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Why We Need a New 9/11 Commission

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9/11 is unquestionably the most important event in American history since December 7, 1941, when Japanese forces attacked Pearl Harbor. The magnitude of its impact on America and the world cannot be overstated. The terrible acts of 9/11 and the events leading up to them deserve a thorough and unimpeachable investigation to learn the facts. And if some rogue elements within the U.S. government were complicit in the terrorist attacks on the World Trade Center and the Pentagon on 9/11, it is critical that these elements be exposed and removed from power. A new commission is clearly called for because the investigation and report by the 9/11 Commission were badly flawed, as will be discussed below. The most important tools of any criminal investigators are the accounts of the eyewitnesses and first responders. The first thing the police do at an accident scene is to gather all witness accounts and within a week the insurance companies are also telephoning the witnesses to take their testimony. Many New York City firemen who were eyewitnesses are calling the Commission's report a cover-up, and victims' family organizations are saying the same thing. If it had been a comprehensive and thorough scientific investigation it would have looked like the investigation that followed the Space Shuttle Columbia disaster. Although there may remain minor questions concerning some of the peripheral conclusions, the report on the Columbia accident on the whole stands without major dispute within the scientific community. Contrast this with the 9/11 Commission report, which sidestepped critical questions, and the FEMA 9/11 report and its major inconsistencies. Flaws in the Commission's Investigation Conflicts of Interest in the Commission One important reason for asking for a new truly independent commission is because of the conflicts of interest of the 9/11 Commission members and staff, particularly Philip Zelikow, Executive Director of the Commission. The 9/11 Family Steering Committee came to the conclusion that each of the commission members was placed on the commission to protect specific interests. For example, Jim Thompson's and Slade Gorton's law firms represented the airlines. Jamie Gorelick was on the board of Schlumberger, a large defense contracting company and had also served on a CIA advisory panel. John Lehman owned several companies that provided military components to defense contractors or directly to the government. But the most profound conflict of interest, one that compromised the breadth and integrity of the commission's investigation, was in the executive staff director, Philip Zelikow. He was a close colleague of Condoleezza Rice, and at the specific request of Rice had served on the Bush administration's transition team. This meant that as the Clinton administration was leaving office and the Bush Administration was coming into office, it was Zelikow's job to facilitate that transition. Because two of Zelikow's specialties are national security and terrorism, he was briefed about al Qaeda and bin Laden by outgoing National Security Advisor Sandy Berger, counter-terrorism czar Richard Clarke, and CIA Director George Tenet. These briefings took place from late 2000 through early 2001. Zelikow's job was to take that information and convey it to the Bush national security team. How could Zelikow direct an investigation whose mandate was at least in part to investigate the role Zelikow himself played in the transition time between the Clinton and Bush administrations-a transition that went to the heart of why the Bush administration underestimated or ignored the threat posed by al Qaeda and bin Laden? While the commissioners were the public face of the Commission, the real work was carried out behind the scenes by the staff-and there were about eighty staff members who were divided up into several key areas. Zelikow was in charge of those eighty staffers and the entire course of the investigation. He was the Commission's gatekeeper--all information that ended up in the final report was there only because Zelikow thought it should be there. In essence, the story told by the 9/11 Commission became the story that Zelikow wanted to tell. Zelikow, as Executive Director, was one of only two people from the Commission to be given primary access to the executive branch documents. As such, he received all the administration's documents relating to al Qaeda and 9/11. Zelikow provided a limited and censored group of documents to the commissioners, but only in a secure location. Commissioners could take handwritten notes about these documents, but these notes could not be removed from the classified location nor used in writing the Commission's final report. Zelikow designed the investigation so that staff was divided into individual teams, each team addressing one specific part of the investigation. Thus, no one segment of the staff was seeing the whole picture. The official excuse for 9/11 is that "nobody connected the dots," and yet Zelikow set up the Commission's own investigation so that no single investigator could feasibly "connect the dots" of the failure that occurred on 9/11. The other person given primary access to the administration's documents was Commissioner Jamie Gorelick, who ironically was also interviewed by the Commission as a witness regarding her former position as deputy attorney general in the Clinton administration. The Family Steering Committee issued a press release indicating their total dismay over the conflicts of interest exhibited by Zelikow and Gorelick. We should note here that Philip Zelikow was the primary author of the Administration's 2002 version of the National Security Strategy (generally known as NSS 2002), which turned the concept of 'preventive-preemptive warfare' into official American policy. The NSS 2000 said, among other things, "The events of September 11, 2001, . . .opened vast, new opportunities." Zelikow apparently believed that 9/11 had turned out to be a "good" thing. Then he wouldn't be inclined during the investigation to focus on any facts that would point the finger at specific federal officials, as this might spoil those "opportunities." Investigation and Questioning by Commission Not Tough Enough By late autumn of 2003, it became apparent to the Family Steering Committee that the questioning of the hearings was not tough enough and that the hearings were not identifying specific problems and holding people accountable. Witnesses would contradict their prior testimony and the Commission would fail to ask them why. This happened, for example, when Jane Garvey director of the FAA testified before the Commission. When she first appeared before the Commission, she laid out a timeline that described when the FAA knew the airplanes on 9/11 were confirmed to be hijacked. This is important because none of the protocols in place for hijackings were followed on 9/11 and none of the failures were explained. When she was invited back for a second time, she submitted a new timeline, and the commissioners never pressed for a specific answer as to why Garvey had changed her story. When Kristen Breitweiser of the Family Steering Committee asked a commissioner why more pointed questions weren't being asked of the witnesses, she was told: "It's not the Washington way." Investigation Failed to Address Most of the Important Questions The Family Steering Committee (FSC) has reviewed the 9/11 Commission Report in depth and compared it to the list of questions they had presented to the Commission over the course of its work. As a result of this review, Mindy Kleinberg and Lorie van Auken of the FSC have issued a 'report card' on the Commission's work entitled, FSC Questions to the 9/11 Commission with Ratings of its Performance in Providing Answers, which lists each question and the rating they applied to each. This document can be downloaded from the following site: http://www.911pressfortruth.com/downloads. Their report card showed that of the major questions the FSC asked the Commission to pursue as they questioned officials, only 10% were satisfactorily answered, while 25% were inadequately answered and 65% were generally ignored or omitted from the report. A petition to Congress signed by 25 military, intelligence and security veterans states in part, "Omission is one of the major flaws in the Commission's report. We are aware of significant issues and cases that were duly reported to the Commission by those of us with direct knowledge, but somehow escaped attention. The omission of such serious and applicable issues and information by itself renders the report flawed, and casts doubt on the validity of many of its recommendations." Many observers, such as Paul Hellyer former Minister of National Defense of Canada, believe the inquiry carried out by the 9/11 Commission was very shallow and superficial, and that the inquiries should have been undertaken in much greater depth. Specific Omissions and Contradictions in the 9/11 Commission Report 1. Failure to even mention the Able Danger program of the Department of Defense (DOD). Intelligence officers working in the Able Danger program allegedly identified Mohammed Atta and at least two other terrorists a year or more before 9/11. When they tried to transfer that information to the FBI they were denied. Even the most junior investigator would immediately know that the name and photo ID of Mohammed Atta in 2000 would be precisely the kind of tactical intelligence the FBI has many times employed to prevent attacks and arrest terrorists, yet the 9/11 Commission inexplicably concluded Able Danger was historically insignificant. The 9/11 Commission staff refused to perform any in-depth review or investigate the issues relative to Able Danger that were presented to them. They effectively dismissed the importance of Able Danger based on what many believe was their preconceived conclusion on the 9/11 story they wished to tell. 2. Failure to address serious intelligence issues. For example, Sibel Edmonds, a former FBI translator and a witness to the Commission, made the commissioners aware of purposeful mistranslations and late translations of critical documents leading up to 9/11. But the Commission did not pursue this. Thus, one must assume that other serious issues were in the same manner omitted from the report. These omissions cast doubt on the validity of the report and therefore on its conclusions and recommendations. 3. Conflicting Air-Defense Timelines. The Commission's report presents a timeline of air-defense response that differs radically from all the previous official accounts. The original account given two days after the attacks was presented by General Richard Myers, the acting Chairman of the Joint Chiefs of Staff on 9/11. He appeared on September 13, 2001 before the Senate for hearings, scheduled many weeks earlier, to consider his promotion to Chairman of the Joint Chiefs of Staff. During the hearing Myers told the Senate that no fighter jets were scrambled to intercept any of the 9/11 flights until after the Pentagon was struck, which occurred at 9:37 AM. On September 18, 2001, General Ralph Eberhart, commanding officer of the North American Aerospace Defense Command (NORAD), presented another timeline, in which he stated that NORAD had scrambled two squads of fighters prior to the crash of United Airlines Flight 175 into the south tower of the World Trade Center (WTC). NORAD stuck to this second version of the timeline of events, with minor revisions. And in a handsome four-color book entitled Air War over America, commissioned by NORAD and written by Leslie Filson, a historian hired by the Air Force, NORAD's version of the events on 9/11 is described in some detail. The book implies that NORAD had in fact received timely warnings from the FAA to which NORAD had responded. Another timeline was adopted by the Commission, one which conflicts significantly from NORAD's timeline, and which effectively places almost all the blame for the delayed air defense response on the FAA. This new timeline was presented in June 2004 in a statement by the commission staff. Throughout their testimony before the Commission, on the other hand, FAA officials maintained that they had in fact provided adequate and timely information to NORAD via phone bridges. In developing their own timeline, the Commission chose to ignore almost all previous testimony and submissions from NORAD and the FAA. The Commission apparently felt a need to make the FAA a scapegoat for the lack of fighter response on 9/11. 4. Failure to mention or explore the relation between the ISI (the Pakistani Intelligence Service) and 9/11. Why did the head of the ISI, Lieutenant-General Mahmoud Ahmad, wire $100,000 to Mohammed Atta before the attacks, and then why was he in Washington, D.C. meeting with the heads of the House and Senate Intelligence Committees on the day of the attacks? The Commission ignored these questions. 5. Failure to identify the groups who benefited from the 9/11 attacks. The Commission failed to connect the dots and identify those people and groups who, at least by early 2004, had gained and profited by the 9/11 attacks and the resulting war on terror. 6. Failure to address the nearly free-fall collapse of World Trade Center Towers One and Two. 7. Failure to include even one mention of the collapse of WTC 7. The Commission's report makes no mention of the total collapse of WTC 7 at the World Trade Center in the late afternoon of 9/11/01. The report does mention the fact that the Office of Emergency Management's (OEM) was located on the 23rd floor of WTC 7. And it notes that at 9:30 AM on that day a senior OEM official ordered the evacuation of the facility after a Secret Service agent advised him that additional commercial planes had not been accounted for. But the fact that the report completely fails to mention, or discuss the causes of, the nearly free-fall collapse of WTC 7 is strange. 8. Failure to document or analyze wreckage at the attack/crash sites. The Commission's report contains no reference to the wreckage of the four airplanes. Neither is there any mention of building remains or rubble. The only reference to the words 'wreckage' or 'remains' was in relation to the asbestos content of the dust from the Twin Towers. Thus, the Commission appears to have accepted without comment the fact that the rubble and steel fragments from the Twin Towers, and the airplane wreckage from Flight 77 at the Pentagon, were removed and disposed of without any expert examination. (Available photographs of the crash scene at the Pentagon reveal no evidence of parts that could be associated with the remains of a Boeing 757 airplane.) The report, thus, fails to mention that none of the wreckage/rubble underwent the thoroughgoing forensic investigation that would have assisted in understanding the nature of the crashes and subsequent building collapses. 9. Failure to discuss the different versions of the passenger lists for the hijacked airliners. No mention was made in the report of the fact that differing passenger lists emerged in the first few weeks after the attacks, including the fact that most lists failed to show anyone with a Middle Eastern name. In addition, the report surprisingly fails to provide: (1) the names of the passengers on each flight; or even (2) the number of passengers on board each airplane. Examples of Questions the Commission Should have Pursued but Didn't 1. Why were people in the South Tower told by the New York/New Jersey Port Authority staff to remain at their desks and not evacuate the building immediately after the North Tower was hit? Many lives would have been saved if an excavation order had been given immediately after Tower One had been hit. 2. According to a New York Times article of September 12, 2001, within hours of the attacks FBI agents were at Embry-Riddle Aeronautical University seeking information, and the next day authorities had identified accomplices in several cities who had been involved in planning the attacks the day before. Biographies had been prepared of each of the identified members of the hijacking teams, including their recent movements. How was all this information produced and gathered together on such a short notice? It seems almost impossible without prior knowledge, and if they had such prior knowledge, why didn't they act on it and arrest or detain the hijackers? 3. How was the FBI able to find Mohammed Atta's car at Logan airport so quickly? If the FBI received a tip, how is that possible when the photo of Atta was not shown until days after the attacks? 4. How is it that a videographer just happened to have his video camera focused at just the right place on the North Tower when Flight 11 flew into it? This deserves some detailed inquiry. 5. The Administration claimed that its only objective immediately after 9/11 was to hunt down Osama bin Laden and destroy al Qaeda. But reliable reports indicate that within hours or a day after the tragedy, President Bush and his aides were focusing much more on using 9/11 as an excuse to attack Iraq. The idea of attacking Afghanistan didn't appear to be their main priority. Why would that have been? 6. Only a military aircraft, not a civilian plane flown by al Qaeda, would have given off the 'friendly' signal needed to disable the Pentagon's anti-aircraft missile batteries as it approached the building. Why did the Commission not investigate this? * * * The wrong-headed and undemocratic policies pursued by the present Administration have their roots in the 9/11 attacks. In a national poll conducted by the Scripps Howard News Service and Ohio University in August 2006, 36 percent of respondents said it is "very likely" or "somewhat likely" that federal officials either participated in the attacks on the World Trade Center and the Pentagon or took no action to stop them "because they wanted the United States to go to war in the Middle East." A poll conducted by Zogby International in May 2006 indicates that 42% of American residents believe there has been a cover up and 45% think "Congress or an International Tribunal should re-investigate the attacks, including whether any US government officials consciously allowed or helped facilitate their success." Given the results of these polls, it's no surprise that the propaganda specialists in the State Department have started to churn out attack websites targeting 9/11 skepticism. Nor that the normal channels of media have followed suit (Time, New York Times, etc.). Even some on the 'left' have come up with attack articles. Alternet recently published an attack piece by the Progressive's Matthew Rothschild. The line seems to be that no matter what alternative theories about 9/11 are proposed, the official story about 9/11 should not be questioned. It is sacrosanct. The American people have the right to a new truly independent commission to investigate the full story of 9/11 including the many still unanswered questions about the attacks, which should lead to a clear sense of who and what agencies were responsible for the failures. No one in the government has been reprimanded, let alone fired, as a result of the enormous failures that allowed the 9/11 attacks to occur. Those having responsibility for the failures must be held accountable. Dennis Kucinich is now the Chair of the new Subcommittee on Domestic Policy under the House Committee on Oversight and Government Reform. Prior to the 2006 elections in a piece for Truthdig, Dennis Kucinich stated the following: "I will not prejudice with any criticism or charges any oversight hearings of any committee I may chair in the next Congress. However, I do know that the American people still have unanswered questions about 9/11, WMDs, the abandonment of international law and the Geneva Conventions, the war in Iraq, the White House Iraq Group, the Rendon propaganda machine, Afghanistan, Abu Ghraib, Guantanamo, the Pat Tillman case, Iraq war casualties, the missing $10.8 billion in Iraq reconstruction funds, the human and economic toll of the war, rendition, wiretapping, domestic spying, and plans for an attack on Iran" Now is the time to press Dennis Kucinich to take the lead in his new subcommittee to start the re-investigation process. You can call his office at (202) 225-5871, fax him at (202) 225-5745, or write him at 2445 Rayburn House Office Building, Washington, DC 20515.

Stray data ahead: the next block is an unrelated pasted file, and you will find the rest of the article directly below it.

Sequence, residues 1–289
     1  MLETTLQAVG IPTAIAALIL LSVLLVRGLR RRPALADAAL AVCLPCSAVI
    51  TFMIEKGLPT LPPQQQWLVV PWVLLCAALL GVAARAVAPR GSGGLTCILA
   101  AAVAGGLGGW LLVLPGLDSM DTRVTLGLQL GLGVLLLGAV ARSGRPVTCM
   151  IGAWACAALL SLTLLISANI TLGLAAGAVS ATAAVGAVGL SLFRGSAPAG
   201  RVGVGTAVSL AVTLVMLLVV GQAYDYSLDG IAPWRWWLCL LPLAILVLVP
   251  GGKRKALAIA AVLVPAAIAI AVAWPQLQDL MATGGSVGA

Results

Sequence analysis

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Andrew Mills is a hydrologist serving as a consultant to local environmental consulting firms. He and his wife have six children and 18 grandchildren. He was active in the civil rights movement in the 1950's and 1960's, and spent 9 years in (more...)
 
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Great article... I will send it to my media list o... by Lisa Long on Wednesday, Feb 7, 2007 at 1:24:51 PM